Evaluating function to a variable?

Good Morning, everyone,

I'm working on an awk script to parse xml. I want to strip the xml wrappers and store the contained values as variables. I found a trim function on github (thank you, andrewcollins) and modified the expression to strip xml braces like this.
##Functions grabbed off of github many thanks to andrewcollins
#Added the <> to trim the xml wrappers
#OK that worked very well.  these functions need to go into my toolbox
function ltrim(s) { sub(/^[ \t\r\n<>]+/, "", s); return s }
function rtrim(s) { sub(/[ \t\r\n<>]+$/, "", s); return s }
function trim(s) { return rtrim(ltrim(s)); }
#Functions from Github

then, to test operation, I tried this:
/<.*>/ {print "container. " trim($0) 
	next
	}

Which works fine. it strips whitespace and the xml braces and prints the "unwrapped" data on stdout.

The problem comes when I try to pack the output into a variable. This:
/<.*>/  {data=trim($0) 
        print $data
	next
	}

Returns $0 without any modification. I've tried sprintf also with the same result. It seems like the function doesn't evaluate prior to packing the variable.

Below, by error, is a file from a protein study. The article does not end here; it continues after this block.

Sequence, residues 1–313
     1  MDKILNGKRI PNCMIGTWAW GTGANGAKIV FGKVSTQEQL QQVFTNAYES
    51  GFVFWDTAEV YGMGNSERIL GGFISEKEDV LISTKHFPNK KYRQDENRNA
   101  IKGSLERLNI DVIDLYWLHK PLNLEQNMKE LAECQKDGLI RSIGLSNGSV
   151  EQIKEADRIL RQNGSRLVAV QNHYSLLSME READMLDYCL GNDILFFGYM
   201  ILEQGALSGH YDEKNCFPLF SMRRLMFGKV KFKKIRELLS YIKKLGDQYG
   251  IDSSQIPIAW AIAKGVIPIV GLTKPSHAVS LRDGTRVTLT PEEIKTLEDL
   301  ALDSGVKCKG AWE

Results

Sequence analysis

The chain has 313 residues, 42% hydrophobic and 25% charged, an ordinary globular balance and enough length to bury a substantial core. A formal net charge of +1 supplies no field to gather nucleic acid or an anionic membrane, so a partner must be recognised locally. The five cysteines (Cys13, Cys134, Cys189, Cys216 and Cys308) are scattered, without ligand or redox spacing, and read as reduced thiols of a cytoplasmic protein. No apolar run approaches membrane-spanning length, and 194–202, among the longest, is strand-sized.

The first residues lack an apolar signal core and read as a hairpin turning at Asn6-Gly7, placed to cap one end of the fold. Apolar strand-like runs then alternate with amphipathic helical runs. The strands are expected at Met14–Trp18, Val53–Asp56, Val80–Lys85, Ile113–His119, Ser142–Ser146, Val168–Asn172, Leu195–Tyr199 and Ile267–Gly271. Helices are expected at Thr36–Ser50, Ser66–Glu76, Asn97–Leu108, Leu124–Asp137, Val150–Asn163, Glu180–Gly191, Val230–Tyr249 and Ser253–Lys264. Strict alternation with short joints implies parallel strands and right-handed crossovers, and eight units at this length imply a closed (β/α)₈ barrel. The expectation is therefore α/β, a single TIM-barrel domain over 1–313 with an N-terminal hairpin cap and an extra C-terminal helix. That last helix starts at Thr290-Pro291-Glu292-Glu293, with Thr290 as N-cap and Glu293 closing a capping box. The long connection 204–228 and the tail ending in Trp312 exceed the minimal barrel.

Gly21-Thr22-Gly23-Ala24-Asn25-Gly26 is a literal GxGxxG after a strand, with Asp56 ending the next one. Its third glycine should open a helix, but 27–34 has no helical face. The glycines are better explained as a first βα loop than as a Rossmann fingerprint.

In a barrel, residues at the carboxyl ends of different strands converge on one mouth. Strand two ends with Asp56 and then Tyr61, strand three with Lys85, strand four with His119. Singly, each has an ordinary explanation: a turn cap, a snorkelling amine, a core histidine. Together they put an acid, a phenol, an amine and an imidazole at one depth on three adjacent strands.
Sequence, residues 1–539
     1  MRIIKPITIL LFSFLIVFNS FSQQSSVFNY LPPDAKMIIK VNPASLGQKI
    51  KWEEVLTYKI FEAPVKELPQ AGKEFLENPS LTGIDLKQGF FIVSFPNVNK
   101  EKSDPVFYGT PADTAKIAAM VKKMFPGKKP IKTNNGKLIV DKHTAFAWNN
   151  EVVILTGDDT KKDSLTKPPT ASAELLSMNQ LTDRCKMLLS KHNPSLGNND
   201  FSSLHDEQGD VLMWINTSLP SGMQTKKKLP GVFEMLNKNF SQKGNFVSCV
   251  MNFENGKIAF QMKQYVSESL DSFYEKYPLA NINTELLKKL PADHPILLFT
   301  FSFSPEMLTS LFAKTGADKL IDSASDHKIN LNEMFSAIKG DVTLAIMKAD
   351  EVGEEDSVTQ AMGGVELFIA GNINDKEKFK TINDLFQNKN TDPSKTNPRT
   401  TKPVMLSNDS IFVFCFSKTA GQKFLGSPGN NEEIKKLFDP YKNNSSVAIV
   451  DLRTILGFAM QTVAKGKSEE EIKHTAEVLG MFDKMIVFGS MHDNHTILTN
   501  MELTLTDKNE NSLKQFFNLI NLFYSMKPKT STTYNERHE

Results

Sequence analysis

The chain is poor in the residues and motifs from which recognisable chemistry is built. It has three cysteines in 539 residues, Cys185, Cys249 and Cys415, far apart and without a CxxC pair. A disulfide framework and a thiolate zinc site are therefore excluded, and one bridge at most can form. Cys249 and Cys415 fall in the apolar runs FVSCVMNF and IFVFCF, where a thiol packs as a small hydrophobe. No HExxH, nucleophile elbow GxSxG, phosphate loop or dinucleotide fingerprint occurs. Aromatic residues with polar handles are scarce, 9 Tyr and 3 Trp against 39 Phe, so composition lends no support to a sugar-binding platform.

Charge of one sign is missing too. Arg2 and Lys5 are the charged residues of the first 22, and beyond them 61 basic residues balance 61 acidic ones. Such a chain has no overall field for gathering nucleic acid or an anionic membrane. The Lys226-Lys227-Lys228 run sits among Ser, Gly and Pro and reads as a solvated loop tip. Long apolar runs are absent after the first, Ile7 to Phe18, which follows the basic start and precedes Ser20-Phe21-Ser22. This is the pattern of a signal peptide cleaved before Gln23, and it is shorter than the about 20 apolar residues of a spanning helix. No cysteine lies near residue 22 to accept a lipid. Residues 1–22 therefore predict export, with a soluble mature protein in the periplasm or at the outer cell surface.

Has anybody run into this kind of thing?

Thank you in advance,

Polaris

Comments

  • hi,

    it shouldn't be $data to be printed, which evaluates to 0 as data is not a number (strtonum("anything") outputs 0), but data.
  • That was most helpful. Thank you very much.

    It's been awhile since I used awk and, as you mention, the "$" is only used to resolve variables from ARGV. $data evaluated to $0 because all strings degenerate to 0 when used in an arithmetic operation.

    That was an easy one to forget. I hardly ever awk, anymore :(

    It's not fixed, yet. but this is a good first step. Thank you, sir.
  • Ok, the final code:
    ##Functions grabbed off of github many thanks to andrewcollins
    #Added the <> to trim the xml wrappers
    #OK that worked very well.  these functions need to go into my toolbox
    function ltrim(s) { sub(/^[ \t\r\n<>]+/, "", s); return s }
    function rtrim(s) { sub(/[ \t\r\n<>]+$/, "", s); return s }
    function trim(s) { return rtrim(ltrim(s)); }
    
    
    /#.*/ {
    #      Ignore Comments
    	next
    	}
    /^$/ { 
    #      Ignore Blank Lines
    	next
    	}
    /<.*>/ {container = sprintf("%s", trim($0))
    # strip xml heading and place verbage in variable "conatiner"
    	next
    	}
    
    /.*/ { 
    ##WHATEVER YOU WANTED BASED ON THE <xml> HEADER...
    	next} 
    

    It works very nice if anybody's interested in some basic xml parsing for use by a shell script.
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